LeoGlossary: Local Currency
A Local Currency is one that is accepted in a certain geographic region. This is usually in a smaller, finite area. There are regional currencies which covers a wider physical range.
The main idea behind a local currency is to stimulate economic development by providing a resource for local businesses and individuals to use. As the currency circulates through the local economy, more commerce takes place. The idea is for merchants to accept the currency as payment for local goods and services. Obviously, the faster the velocity of money, the greater the economic impact.
These currencies are not legal tender and have no direct path to conversion into the national currency. They are not affiliated with any exchanges meaning they operate in isolation. Currency trading is not the goal nor is it even a characteristic. The aim is to have the currency used for goods and service from local businesses.
We have many instances throughout history where local currencies arise. Often this happens during times of war or extreme economic turmoil. During the Great Depression there were many of these currencies in different regions of the United States.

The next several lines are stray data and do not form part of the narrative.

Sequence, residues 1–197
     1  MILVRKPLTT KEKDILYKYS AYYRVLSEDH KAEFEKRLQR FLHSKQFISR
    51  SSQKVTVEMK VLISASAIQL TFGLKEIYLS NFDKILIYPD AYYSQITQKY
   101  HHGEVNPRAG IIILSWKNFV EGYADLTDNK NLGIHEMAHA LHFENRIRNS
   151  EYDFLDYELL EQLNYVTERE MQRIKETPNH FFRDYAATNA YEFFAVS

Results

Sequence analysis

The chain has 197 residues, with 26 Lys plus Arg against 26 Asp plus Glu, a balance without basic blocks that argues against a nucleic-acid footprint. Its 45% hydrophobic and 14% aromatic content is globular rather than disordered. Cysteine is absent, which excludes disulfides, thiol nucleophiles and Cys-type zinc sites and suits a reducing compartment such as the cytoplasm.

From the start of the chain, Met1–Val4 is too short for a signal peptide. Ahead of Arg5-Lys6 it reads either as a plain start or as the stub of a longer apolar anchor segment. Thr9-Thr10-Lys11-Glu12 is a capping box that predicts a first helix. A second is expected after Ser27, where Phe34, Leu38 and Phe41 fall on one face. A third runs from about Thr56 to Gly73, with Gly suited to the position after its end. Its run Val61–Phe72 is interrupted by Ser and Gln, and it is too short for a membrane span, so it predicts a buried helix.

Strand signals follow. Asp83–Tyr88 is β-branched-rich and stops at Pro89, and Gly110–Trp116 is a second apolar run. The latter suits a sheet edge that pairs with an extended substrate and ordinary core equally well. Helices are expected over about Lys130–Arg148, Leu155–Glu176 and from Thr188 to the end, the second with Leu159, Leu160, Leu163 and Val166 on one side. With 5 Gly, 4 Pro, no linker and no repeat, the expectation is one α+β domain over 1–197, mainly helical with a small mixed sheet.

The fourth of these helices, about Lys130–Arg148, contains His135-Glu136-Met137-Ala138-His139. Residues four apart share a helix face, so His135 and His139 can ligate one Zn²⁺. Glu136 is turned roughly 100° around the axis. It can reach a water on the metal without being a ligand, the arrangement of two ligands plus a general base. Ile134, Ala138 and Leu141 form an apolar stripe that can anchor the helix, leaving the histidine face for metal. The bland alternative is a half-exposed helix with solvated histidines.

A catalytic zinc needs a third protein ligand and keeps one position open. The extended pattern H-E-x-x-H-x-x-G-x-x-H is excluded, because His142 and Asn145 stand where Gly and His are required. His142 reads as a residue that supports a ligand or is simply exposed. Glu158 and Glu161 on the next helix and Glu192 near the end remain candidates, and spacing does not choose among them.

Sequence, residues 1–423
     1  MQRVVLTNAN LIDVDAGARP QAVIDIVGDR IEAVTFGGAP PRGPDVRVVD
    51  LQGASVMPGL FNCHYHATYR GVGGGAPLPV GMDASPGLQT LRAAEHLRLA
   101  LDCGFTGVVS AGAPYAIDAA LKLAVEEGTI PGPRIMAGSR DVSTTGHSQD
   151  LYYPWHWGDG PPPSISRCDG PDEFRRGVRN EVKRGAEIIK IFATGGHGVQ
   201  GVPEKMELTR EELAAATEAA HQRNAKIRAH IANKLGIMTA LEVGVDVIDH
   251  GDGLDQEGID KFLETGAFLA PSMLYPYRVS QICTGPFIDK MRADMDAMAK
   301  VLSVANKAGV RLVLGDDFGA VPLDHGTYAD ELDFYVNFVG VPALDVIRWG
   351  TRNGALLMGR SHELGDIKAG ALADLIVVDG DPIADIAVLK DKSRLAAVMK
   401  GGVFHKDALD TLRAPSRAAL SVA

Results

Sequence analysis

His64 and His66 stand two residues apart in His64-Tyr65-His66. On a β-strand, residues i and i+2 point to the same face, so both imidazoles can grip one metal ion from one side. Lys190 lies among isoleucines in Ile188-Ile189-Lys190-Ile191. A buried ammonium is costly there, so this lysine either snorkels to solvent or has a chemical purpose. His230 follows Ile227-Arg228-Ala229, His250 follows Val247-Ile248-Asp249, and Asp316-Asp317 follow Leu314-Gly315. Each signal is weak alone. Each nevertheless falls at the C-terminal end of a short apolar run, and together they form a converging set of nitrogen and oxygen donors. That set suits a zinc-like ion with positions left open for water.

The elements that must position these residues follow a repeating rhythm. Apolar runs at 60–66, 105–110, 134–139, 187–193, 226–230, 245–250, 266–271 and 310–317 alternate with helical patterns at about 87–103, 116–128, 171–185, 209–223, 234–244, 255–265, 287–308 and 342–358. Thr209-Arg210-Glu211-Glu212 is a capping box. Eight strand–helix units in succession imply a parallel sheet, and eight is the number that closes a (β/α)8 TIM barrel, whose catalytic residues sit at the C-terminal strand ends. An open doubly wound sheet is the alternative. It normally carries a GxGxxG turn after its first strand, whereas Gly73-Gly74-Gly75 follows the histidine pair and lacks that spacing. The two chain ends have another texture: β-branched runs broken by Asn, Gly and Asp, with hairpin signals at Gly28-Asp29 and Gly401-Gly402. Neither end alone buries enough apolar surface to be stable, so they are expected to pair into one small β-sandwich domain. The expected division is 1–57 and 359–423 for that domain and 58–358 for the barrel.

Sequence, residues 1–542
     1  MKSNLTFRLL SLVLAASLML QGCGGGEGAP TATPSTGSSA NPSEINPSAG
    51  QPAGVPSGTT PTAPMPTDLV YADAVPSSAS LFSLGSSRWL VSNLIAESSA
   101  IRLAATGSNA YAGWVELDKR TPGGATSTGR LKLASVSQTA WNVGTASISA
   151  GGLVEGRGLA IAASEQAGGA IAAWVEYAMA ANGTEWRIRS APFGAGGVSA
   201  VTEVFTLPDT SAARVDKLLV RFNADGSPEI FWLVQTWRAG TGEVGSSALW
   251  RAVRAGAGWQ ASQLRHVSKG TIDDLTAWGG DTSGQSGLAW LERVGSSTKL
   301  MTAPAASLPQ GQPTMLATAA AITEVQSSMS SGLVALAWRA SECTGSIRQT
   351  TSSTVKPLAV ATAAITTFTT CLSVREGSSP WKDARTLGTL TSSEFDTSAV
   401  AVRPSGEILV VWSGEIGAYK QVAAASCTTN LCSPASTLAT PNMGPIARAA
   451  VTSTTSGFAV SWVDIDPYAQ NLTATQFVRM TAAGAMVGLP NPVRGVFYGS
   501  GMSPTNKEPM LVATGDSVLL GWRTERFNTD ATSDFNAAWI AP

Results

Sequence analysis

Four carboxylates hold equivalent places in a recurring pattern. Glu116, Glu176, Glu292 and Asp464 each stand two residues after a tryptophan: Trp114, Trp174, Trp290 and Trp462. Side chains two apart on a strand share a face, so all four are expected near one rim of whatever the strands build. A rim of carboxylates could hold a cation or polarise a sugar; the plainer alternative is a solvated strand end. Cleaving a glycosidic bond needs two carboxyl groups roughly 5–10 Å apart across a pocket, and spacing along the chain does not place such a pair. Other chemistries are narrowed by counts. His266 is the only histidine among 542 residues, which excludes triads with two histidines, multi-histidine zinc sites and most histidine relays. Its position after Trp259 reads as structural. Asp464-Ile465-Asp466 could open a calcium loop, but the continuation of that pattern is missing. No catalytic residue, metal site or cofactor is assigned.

A local currency is considered a complimentary currency. It is not designed to replace the one at the national level. Instead, it compliments trade at the local level.
Benefits of a Local Currency
There are many reasons why local currencies are created. Whatever the reason, that are certain benefits that are drawn from having one.
- Local currencies tend to have negative interest rates with them. This means there is no benefit to holding onto them. The result is they circulate faster than national currencies, achieving a greater velocity of money. Here we can see how the local impact is enhanced.
- These are often created when a lack of local purchasing power is present, resulting in the underutilization of local economic productivity. A local currency addresses this problem directly, thus stimulating demand. The lack of inflation is not a problem since the increase in economic activity comes from the shortfall in economic capacity.
- Local spending means local benefit, drawing from other parts of the surrounding (even national) areas.
- They can be used to address local issues and democratize different services or organizations. For example, they could be tied to local environmental issues and paid for addressing them.
The digital age makes the idea of local currencies a bit less viable. Since the concept can be taken to the Internet, local currencies can fall under community. Hence, those interested in the environmental concerns can utilize the currency yet do not have to physically be in that area. We can see these currencies show up as virtual.
The money is very limited in its scope and reach.
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